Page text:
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post #14 of 16 Old 12-09-2018, 06:27 PM
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Thank you for the explanations. I'd make up a screened window insert that you had some control over air flow.
Just to have some cool air in spring and fall.

I doubt that you will have any issues all winter.

Summers at your place could be another story for heat and humidity.


I did that to vent my clothes dryer out doors in the summers.

Just Coroplast and plexiglas and some keys to hold it in place.
My basement seems pretty chilly in the summer time,

maybe the lower 4' actually in the ground with daylight windows.



I'm at 53N in a mountain valley in the Rockies. Nothing more than maybe 8500' around my house.
We feeeze and fry. My outdoor thermometer is in the shade = I've seen from 25 below to +115F.
Afternoon/west shade from a total wall of grape vines 2' out from the house.
Your pets would enjoy the grape leaves, they taste like the grapes!
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post #15 of 16 Old 12-09-2018, 06:59 PM Thread Starter
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Afternoon/west shade from a total wall of grape vines 2' out from the house.
Your pets would enjoy the grape leaves, they taste like the grapes!
Im not sure about the leaves, tho im guessing not. I think the vines themselves, when prepared properly are great chew items for the chins. Grapes themselves are very very bad for them however.






Quote:
Originally Posted by Brian T View Post
Thank you for the explanations. I'd make up a screened window insert that you had some control over air flow. Just to have some cool air in spring and fall.
The basement itself has three small windows in the cinder block through out. The previous owners filled in the fourth one when they built a enclosed porch (basically) over it.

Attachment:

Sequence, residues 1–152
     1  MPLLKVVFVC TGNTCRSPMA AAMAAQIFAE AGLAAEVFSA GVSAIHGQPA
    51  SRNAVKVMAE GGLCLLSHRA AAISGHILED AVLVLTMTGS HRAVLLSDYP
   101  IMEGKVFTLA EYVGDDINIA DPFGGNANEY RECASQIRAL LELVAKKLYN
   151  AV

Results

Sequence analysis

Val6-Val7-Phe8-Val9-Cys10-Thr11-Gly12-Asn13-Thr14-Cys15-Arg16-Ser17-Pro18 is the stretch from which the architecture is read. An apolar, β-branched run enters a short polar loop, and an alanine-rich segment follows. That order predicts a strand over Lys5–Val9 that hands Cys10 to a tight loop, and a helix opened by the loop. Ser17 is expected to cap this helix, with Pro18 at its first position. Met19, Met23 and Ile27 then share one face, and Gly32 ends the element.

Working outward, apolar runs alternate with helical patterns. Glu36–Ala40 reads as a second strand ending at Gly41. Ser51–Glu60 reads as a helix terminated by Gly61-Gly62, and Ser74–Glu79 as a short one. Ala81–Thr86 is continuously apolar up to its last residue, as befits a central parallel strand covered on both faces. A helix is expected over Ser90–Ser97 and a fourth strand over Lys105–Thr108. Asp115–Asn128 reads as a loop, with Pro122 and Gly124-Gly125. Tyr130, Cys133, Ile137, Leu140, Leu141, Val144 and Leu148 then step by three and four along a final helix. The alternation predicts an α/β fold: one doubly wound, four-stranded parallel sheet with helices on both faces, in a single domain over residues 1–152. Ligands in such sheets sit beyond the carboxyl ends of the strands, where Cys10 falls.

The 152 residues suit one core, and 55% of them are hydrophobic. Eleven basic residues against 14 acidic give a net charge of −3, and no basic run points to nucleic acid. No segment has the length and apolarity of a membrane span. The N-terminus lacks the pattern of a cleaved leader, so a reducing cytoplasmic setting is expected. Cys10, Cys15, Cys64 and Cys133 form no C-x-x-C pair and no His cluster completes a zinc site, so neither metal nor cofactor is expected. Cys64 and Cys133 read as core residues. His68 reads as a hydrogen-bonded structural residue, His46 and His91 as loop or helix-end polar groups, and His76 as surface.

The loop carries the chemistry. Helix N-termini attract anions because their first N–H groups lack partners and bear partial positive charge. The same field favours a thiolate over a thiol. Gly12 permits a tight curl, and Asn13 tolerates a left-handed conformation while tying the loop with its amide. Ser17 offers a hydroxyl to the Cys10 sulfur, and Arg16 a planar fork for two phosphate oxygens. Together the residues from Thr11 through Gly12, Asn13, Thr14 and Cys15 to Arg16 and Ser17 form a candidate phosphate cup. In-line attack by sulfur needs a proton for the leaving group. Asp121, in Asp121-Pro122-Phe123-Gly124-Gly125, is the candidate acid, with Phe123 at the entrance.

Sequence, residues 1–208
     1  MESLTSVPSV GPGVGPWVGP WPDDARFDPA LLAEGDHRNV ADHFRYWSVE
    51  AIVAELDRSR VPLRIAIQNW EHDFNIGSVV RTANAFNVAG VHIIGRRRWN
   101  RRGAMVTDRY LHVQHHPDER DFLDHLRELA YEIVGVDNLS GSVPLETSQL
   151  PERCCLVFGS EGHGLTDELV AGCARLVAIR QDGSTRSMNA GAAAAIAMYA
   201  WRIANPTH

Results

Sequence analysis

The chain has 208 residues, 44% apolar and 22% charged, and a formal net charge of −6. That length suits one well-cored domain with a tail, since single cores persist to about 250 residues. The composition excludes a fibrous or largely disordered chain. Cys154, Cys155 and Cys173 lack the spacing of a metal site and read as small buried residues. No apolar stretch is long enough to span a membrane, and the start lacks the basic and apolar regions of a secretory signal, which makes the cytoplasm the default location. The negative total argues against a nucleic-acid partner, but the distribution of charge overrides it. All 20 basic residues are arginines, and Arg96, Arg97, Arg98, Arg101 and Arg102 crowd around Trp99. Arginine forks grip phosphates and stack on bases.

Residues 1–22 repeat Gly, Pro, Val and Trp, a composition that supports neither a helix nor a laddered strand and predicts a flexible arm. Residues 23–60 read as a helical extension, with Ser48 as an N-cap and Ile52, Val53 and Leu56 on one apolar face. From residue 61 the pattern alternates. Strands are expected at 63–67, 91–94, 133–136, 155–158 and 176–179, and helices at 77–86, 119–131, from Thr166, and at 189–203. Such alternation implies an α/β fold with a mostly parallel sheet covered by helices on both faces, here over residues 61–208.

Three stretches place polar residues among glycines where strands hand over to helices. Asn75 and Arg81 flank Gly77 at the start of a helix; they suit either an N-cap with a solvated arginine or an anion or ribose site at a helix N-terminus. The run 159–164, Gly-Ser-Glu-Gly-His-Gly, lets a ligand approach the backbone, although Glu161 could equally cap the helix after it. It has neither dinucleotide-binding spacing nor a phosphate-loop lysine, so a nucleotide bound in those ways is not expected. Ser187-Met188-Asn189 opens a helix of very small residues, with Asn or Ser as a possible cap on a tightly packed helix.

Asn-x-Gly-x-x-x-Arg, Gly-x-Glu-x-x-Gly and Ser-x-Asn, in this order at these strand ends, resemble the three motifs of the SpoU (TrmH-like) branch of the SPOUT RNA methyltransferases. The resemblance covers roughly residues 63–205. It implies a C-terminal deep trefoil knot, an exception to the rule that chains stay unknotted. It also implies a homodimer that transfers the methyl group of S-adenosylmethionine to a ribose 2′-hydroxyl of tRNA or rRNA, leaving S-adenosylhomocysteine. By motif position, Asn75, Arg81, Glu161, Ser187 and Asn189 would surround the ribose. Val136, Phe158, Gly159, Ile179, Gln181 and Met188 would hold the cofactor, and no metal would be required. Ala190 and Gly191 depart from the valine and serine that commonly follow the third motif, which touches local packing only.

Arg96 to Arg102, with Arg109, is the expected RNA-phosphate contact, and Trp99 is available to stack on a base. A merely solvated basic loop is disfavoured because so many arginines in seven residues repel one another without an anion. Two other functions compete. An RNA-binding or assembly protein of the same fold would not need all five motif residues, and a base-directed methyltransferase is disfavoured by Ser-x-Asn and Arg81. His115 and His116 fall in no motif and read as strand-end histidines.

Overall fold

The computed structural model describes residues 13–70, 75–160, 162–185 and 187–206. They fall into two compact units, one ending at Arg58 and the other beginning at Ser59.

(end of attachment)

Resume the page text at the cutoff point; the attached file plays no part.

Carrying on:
The room in a room that i will be making is right in front of one of those windows. So i was going to add another small window at the same spot in the new room. So i can open both and have a kind of direct fresh air. - I was also going to add a normal window in other sections of the new room. Even tho they would only open to the air in the rest of the basement; if they are open along with the ones in the cinder block to the out side.. its the best i can really do for right now for fresh air flow.
(If thats unclear, i intend to make a final video laying out everything i plan on doing to give a full visual to it. You'll be able to see it then. I just want to figure out the last few things i already know of; like this roof insulation first.)
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post #16 of 16 Old 12-10-2018, 01:29 PM Thread Starter
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getting back on track with the insulation questions..


Quote:
Originally Posted by wolfgang953 View Post
Hopefully this is my last question regarding insulation for my basement project. I touched on this this before but wanted to see about a specific answer or recommendation.



Im looking at putting insulation in the roof joists of the basement. But im uncertain as to which option would be best.
I already have the roll faced insulation. (it was a discount if you buy enough. And enough just happened to be the amount it would take for all the walls, and the roof. And i needed to save money.)
https://www.lowes.com/pd/Owens-Corni...t-L/1000373565


Picture of one section of the roof in the basement. As you can see, many areas have a lot of nails coming down. It was that way when i got this place.








The roof joists are about 7-1/4" deep. And the insulation is 3.5" thick.


As far as i see atm, i have three main options with what i have.



1. put the insulation in and staple the face to the bottom of the joists. (Just like doing it in a 2x4 stud wall.) And have a large pocket of air/open space above it.


2. Push it all the way to the top. Seems like a bad idea since that many nails would likely compress the insulation.


3. Push it up to the nails but not into it, so it doesnt compress. Leaving a small bit of air/open space above it.; and also leaving a little bit of room below it so it wouldnt need stapled into the joists.



(#2 and 3 would be held up with insulation supports)
https://www.lowes.com/pd/600-Pack-In...5-5-in/3010245



Im guessing #2 or 3 would be the better option. But im not sure how that pocket of air would, small or large, would impact the insulation value. Also not sure if i want to cover the joist with face or not.